Setting up a Solo LLC is Simple; a Multi-Member LLC is Infinitely More Complex

When setting up a business, conventional wisdom dictates that the business be set up in a legal entity providing limited liability protection, like a Limited Liability Company (LLC). This is true too when a business wants additional capital by allowing investors to participate as equity owners in exchange for that infusion of cash to the business. But the business owner should be forewarned: the complexity of any business endeavor is infinitely more complex when other people are included in the ownership pool.

The simplest way to set up and run a business is to have just one owner (in most cases, I count a married couple as one owner because their interests are usually so closely aligned). In setting up a one-owner LLC, the process is straightforward as is the documentation needed. A person setting up an LLC this way can usually opt for boilerplate LLC organizational documents that don’t need much in the way of customization. Why? The sole owner has unilateral authority to change the business any time he or she chooses. In effect, the owner is not bound by any enforceable provisions in the entity that preclude the owner from making any conceivable decision for the company. It’s simple.

Introduce just one more owner and the calculation is vastly different. With all due respect to the TV shows that popularize the concept of equating complete control to 51% ownership, that is just not the case, and it is naïve to rely solely on default controlling ownership rights.

Take the example of an LLC owned 60% by Fred and 40% by Julie. Let’s assume that Fred exercises his authority to declare that the LLC should purchase assets (maybe inventory or land). To obtain the necessary financing, the bank might require all owners to sign the loan agreement in their personal names (this would be customary for a small business loan). Without addressing it in a customized agreement, the default is a 60% owner of an LLC can never compel the 40% owner to offer a personal guarantee. Therefore, the 40% owner effectively has veto power.

Similarly, a buyer might offer to buy the entire business in a transaction paying 10 times the true value of the business in an LLC ownership sale…but only if the buyer can buy 100% of the company. Here too, the 40% owner can effectively veto the sale.

More important than simplistically saying that one owner is “in control” and the other is not, there are a host of issues that should prudently be discussed and agreed upon (in writing) before the decision is made to go into business together. Often these agreements are contained in the Operating Agreement but can also be placed in a separate agreement among the owners.

Continuing with the example of Fred and Julie – assume further that Fred and Julie own a landscaping business and Julie provided money to the operation (investor) and Fred runs the business. Though Fred is “in control,” are there issues that he would want to shore up in addition to those outlined above? Indeed, there are many. Often business owners want to keep key business information and trade secrets confidential. Perhaps Fred and Julie then must agree to keep all business information confidential. Can Julie sell her interest in the LLC to a competitor (or anyone else)? Without addressing it in a customized agreement, Julie can sell to whomever she chooses.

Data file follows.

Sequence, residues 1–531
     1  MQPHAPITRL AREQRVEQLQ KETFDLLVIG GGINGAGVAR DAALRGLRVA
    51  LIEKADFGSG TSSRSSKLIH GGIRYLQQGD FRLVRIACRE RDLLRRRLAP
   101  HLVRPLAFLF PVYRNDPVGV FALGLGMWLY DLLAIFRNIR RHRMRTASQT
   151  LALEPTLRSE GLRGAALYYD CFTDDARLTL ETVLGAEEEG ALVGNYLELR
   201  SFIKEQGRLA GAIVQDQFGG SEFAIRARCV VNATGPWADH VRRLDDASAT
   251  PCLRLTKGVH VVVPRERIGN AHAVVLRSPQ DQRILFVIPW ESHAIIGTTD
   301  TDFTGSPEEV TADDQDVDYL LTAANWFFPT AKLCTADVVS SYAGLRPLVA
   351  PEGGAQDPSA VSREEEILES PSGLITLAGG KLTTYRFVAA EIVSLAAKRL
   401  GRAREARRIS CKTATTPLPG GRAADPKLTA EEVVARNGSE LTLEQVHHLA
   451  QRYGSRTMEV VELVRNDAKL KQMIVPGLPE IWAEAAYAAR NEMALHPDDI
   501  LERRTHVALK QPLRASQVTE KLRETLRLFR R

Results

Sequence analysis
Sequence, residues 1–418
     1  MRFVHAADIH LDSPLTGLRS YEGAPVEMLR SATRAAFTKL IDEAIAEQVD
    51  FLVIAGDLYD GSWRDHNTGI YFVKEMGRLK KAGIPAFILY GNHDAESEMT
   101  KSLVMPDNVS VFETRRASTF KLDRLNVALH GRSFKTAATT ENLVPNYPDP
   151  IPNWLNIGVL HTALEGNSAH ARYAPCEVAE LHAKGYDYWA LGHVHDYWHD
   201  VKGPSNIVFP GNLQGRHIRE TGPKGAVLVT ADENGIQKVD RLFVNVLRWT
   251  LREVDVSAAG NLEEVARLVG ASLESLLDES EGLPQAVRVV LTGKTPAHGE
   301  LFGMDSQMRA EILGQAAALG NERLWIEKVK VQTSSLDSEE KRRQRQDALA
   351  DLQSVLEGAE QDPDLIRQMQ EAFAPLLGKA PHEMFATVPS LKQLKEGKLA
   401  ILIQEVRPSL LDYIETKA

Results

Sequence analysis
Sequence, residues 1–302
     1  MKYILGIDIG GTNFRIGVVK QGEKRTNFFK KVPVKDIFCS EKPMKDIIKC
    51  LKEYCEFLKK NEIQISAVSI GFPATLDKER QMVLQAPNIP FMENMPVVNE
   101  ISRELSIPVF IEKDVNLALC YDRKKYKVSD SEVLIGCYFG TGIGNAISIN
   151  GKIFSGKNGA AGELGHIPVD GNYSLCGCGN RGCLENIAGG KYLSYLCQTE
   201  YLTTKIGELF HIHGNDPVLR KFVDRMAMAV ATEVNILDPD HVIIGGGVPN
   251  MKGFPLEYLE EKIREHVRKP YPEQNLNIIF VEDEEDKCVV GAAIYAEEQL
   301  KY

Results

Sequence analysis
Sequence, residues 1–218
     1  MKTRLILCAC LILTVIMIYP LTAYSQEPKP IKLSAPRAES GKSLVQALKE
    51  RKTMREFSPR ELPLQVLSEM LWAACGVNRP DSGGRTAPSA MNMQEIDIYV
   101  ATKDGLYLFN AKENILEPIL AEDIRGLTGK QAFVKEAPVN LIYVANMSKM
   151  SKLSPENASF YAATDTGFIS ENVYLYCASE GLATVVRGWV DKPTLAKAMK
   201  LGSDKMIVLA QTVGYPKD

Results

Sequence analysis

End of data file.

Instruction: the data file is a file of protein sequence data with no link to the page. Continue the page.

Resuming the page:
Are there issues that Julie would want to address to feel more comfortable with her investment? Absolutely. Imagine Fred buys his fertilizer and pesticides from his brother – they cost a bit more, but it stays in the family. Should Fred be required to disclose this, or perhaps should he be prohibited from engaging in any transactions that personally benefit him or his family? Can Fred start a competing landscape company? Can Julie? Can Fred singularly choose when and how much of the profits get pushed to the owners or can he unilaterally choose to use the funds to facilitate growth (or increase his own salary)?  What if Julie owes taxes on the business’s profits but doesn’t receive any distribution to even cover the taxes?

Sometimes owners want to include family members in the business. Is Fred or Julie within their rights to demand that his or her child be employed at the landscaping company? What about Julie…should she be able to work for the company? Remember the distinction between ownership and authority. The two need not go hand in hand. A person can own stock in Microsoft but have no right or obligation to work for the company.

This article just skims the surface of planning opportunities when setting up an LLC with another person. There are many more issues to discuss and many ways to address each. Work with an experienced attorney to plan for items like those mentioned here…and many more.

Note: for simplicity’s sake, this article only discusses LLCs. There are other forms of doing business as an entity to include Limited Partnerships, Corporations, Sole Proprietors, and General Partnerships. Still any entity with more than one owner faces similar challenges.


The opinions voiced in this material are for general information only and not intended to provide specific advice or recommendations for any individual or entity. This information is not intended to be a substitute for specific individualized tax or legal advice. We suggest that you discuss your specific situation with a qualified tax or legal advisor.